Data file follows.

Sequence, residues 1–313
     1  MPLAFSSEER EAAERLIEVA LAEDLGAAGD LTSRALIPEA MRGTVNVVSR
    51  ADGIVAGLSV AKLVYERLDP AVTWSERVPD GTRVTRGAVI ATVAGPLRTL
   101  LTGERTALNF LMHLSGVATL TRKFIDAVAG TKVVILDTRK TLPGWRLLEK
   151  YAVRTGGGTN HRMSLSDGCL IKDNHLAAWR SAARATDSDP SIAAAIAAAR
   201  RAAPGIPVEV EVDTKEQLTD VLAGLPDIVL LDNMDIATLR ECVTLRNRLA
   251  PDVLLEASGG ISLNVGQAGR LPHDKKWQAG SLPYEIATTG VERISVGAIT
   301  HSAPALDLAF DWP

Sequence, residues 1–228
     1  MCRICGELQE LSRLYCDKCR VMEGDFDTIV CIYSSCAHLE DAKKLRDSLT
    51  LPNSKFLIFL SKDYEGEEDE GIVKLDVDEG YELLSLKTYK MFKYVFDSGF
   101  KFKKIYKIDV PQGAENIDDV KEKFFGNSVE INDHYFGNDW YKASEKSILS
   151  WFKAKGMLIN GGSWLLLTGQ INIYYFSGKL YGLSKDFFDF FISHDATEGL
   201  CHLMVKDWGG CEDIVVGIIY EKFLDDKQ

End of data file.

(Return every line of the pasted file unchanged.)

Sequence, residues 1–313
     1  MPLAFSSEER EAAERLIEVA LAEDLGAAGD LTSRALIPEA MRGTVNVVSR
    51  ADGIVAGLSV AKLVYERLDP AVTWSERVPD GTRVTRGAVI ATVAGPLRTL
   101  LTGERTALNF LMHLSGVATL TRKFIDAVAG TKVVILDTRK TLPGWRLLEK
   151  YAVRTGGGTN HRMSLSDGCL IKDNHLAAWR SAARATDSDP SIAAAIAAAR
   201  RAAPGIPVEV EVDTKEQLTD VLAGLPDIVL LDNMDIATLR ECVTLRNRLA
   251  PDVLLEASGG ISLNVGQAGR LPHDKKWQAG SLPYEIATTG VERISVGAIT
   301  HSAPALDLAF DWP

Sequence, residues 1–228
     1  MCRICGELQE LSRLYCDKCR VMEGDFDTIV CIYSSCAHLE DAKKLRDSLT
    51  LPNSKFLIFL SKDYEGEEDE GIVKLDVDEG YELLSLKTYK MFKYVFDSGF
   101  KFKKIYKIDV PQGAENIDDV KEKFFGNSVE INDHYFGNDW YKASEKSILS
   151  WFKAKGMLIN GGSWLLLTGQ INIYYFSGKL YGLSKDFFDF FISHDATEGL
   201  CHLMVKDWGG CEDIVVGIIY EKFLDDKQ